ISPs may have to block music-sharing sites: Germany’s highest court

The logo of O2 Deutschland. REUTERS/Wolfgang Rattay

Germany’s highest court said Internet service providers could be made responsible for blocking websites offering illegal music downloads, but only if copyright holders showed they had first made reasonable attempts to thwart such piracy by other means.

The federal Supreme Court dismissed two cases brought by music rights society GEMA against Deutsche Telekom and music companies Universal Music, Sony and Warner Music Group against Telefonica’s O2 Deutschland.

It said on Thursday the plaintiffs did not make enough effort to halt the copyright violations in the first place but it said Internet service providers could in principle be held responsible for blocking music illegally available on the Internet, even if the content remained available elsewhere.

GEMA, which acts to protect the rights of the owners of musical works, had demanded that Deutsche Telekom, Germany’s largest telecoms company, block the website “3dl.am” because it offered access to copyright-protected music.

In a separate case, the music companies wanted O2 Deutschland to block access to “goldesel.to,” part of the eDonkey network, a peer-to-peer file-sharing network for music.

The court said in its ruling: “The company that offers Internet access will only be held responsible for blocking the site when the copyright holder has first made reasonable efforts to take action against those who have themselves infringed their rights, like the website operators, or those who have enabled the infringement, like the Web hosting providers.”

The music industry says it loses billions of dollars every year from the illegal downloading of songs, depriving it of the revenue it needs to pay songwriters, artists and talent scouts.

Courts around the world are grappling with the question of who is responsible for copyright infringement through illegal downloads. Google’s YouTube, for example, has been the subject of multiple court cases.

A German court ruled in July that YouTube was only responsible for blocking copyright-infringing videos when they had been brought to its attention, and could not be expected to scan everything on the site.

Deutsche Telekom welcomed the court ruling.

“The Supreme Court has clearly stated that with regard to Internet service providers the reasonableness of a potential blocking has to be subject to strict scrutiny,” the company said in a statement.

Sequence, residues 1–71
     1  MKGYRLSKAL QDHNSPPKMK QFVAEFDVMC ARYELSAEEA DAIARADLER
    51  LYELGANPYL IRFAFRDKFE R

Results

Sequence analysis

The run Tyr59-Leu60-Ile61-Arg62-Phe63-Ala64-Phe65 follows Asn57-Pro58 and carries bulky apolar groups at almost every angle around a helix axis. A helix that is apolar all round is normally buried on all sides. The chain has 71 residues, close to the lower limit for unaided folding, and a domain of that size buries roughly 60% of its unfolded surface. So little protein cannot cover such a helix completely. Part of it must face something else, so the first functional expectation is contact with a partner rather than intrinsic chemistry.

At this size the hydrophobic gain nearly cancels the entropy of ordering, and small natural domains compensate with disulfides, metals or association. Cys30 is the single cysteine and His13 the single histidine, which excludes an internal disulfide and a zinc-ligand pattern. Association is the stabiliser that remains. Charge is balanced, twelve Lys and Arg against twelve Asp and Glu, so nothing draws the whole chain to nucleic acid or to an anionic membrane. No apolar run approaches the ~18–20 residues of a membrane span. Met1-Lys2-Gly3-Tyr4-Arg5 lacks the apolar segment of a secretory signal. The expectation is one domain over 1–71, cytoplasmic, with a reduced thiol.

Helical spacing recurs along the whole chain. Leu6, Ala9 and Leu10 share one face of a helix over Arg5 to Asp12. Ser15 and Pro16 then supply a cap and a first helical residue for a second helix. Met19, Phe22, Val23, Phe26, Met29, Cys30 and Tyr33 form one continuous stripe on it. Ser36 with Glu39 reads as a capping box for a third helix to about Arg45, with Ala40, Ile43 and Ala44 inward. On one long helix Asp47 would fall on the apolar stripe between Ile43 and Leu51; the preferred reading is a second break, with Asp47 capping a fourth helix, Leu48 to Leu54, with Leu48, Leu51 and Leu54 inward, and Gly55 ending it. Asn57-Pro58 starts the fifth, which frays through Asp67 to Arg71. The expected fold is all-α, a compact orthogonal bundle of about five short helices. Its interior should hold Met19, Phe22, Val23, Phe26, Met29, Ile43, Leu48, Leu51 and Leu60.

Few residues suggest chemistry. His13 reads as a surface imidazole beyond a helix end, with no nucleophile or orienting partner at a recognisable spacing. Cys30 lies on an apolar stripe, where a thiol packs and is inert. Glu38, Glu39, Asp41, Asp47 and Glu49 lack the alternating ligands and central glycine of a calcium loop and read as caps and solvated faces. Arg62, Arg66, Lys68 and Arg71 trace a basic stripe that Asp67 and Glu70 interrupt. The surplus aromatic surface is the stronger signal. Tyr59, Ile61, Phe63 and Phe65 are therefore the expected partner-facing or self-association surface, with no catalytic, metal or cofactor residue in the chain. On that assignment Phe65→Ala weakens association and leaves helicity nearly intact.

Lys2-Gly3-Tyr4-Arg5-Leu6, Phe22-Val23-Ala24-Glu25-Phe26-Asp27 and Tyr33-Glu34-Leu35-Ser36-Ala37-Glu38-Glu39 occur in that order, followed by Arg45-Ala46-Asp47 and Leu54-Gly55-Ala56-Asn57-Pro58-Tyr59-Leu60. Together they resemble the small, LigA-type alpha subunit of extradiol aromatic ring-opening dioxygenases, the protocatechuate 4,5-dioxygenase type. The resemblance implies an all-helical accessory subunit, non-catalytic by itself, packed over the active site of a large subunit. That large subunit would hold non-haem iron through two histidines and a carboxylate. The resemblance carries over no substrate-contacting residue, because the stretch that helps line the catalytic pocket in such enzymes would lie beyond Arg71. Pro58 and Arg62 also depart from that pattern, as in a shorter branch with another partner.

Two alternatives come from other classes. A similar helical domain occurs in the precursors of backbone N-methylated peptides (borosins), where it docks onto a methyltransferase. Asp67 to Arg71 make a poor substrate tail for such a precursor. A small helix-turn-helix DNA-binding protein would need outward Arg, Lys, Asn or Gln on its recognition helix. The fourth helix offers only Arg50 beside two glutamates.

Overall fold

Bernhard Rohleder, director of IT industry group Bitkom, said: “The blocking of websites should remain the last resort of network policy. As a measure against copyright infringement, it is quite excessive.”

(Reporting by Norbert Demuth, Peter Maushagen, Writing by Kirsti Knolle, Editing by David Evans)

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Reuters

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In Singapore, we are looking to double our reporting team by this year-end to comprehensively cover the fast-moving world of funded startups and VC, PE & M&A deals. We want reporters who can tell our readers what is really happening in these sectors and why it matters to markets, companies and consumers. The ability to write precisely and urgently is crucial for these roles. Ideal candidates must have to ability to work in a collaborative, dynamic, and fast-changing environment. We want our new hires to be digitally savvy and ready to experiment with new forms of storytelling. Most importantly, we are looking for hard-hitting reporters who work well in a team. Collaboration and collegiality are a must.

Following vacancies can be applied for (only in Singapore).

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  • A reporter to track companies/startups that have raised private capital, and have the potential to become unicorns. SEA currently has over 40 companies with a valuation of over $100 million and under $1 billion.
  • A reporter who can get behind the scenes and reveal how funding rounds are put together, or why they’ve failed to materialise. She/he in this role will largely focus on long-format stories. 
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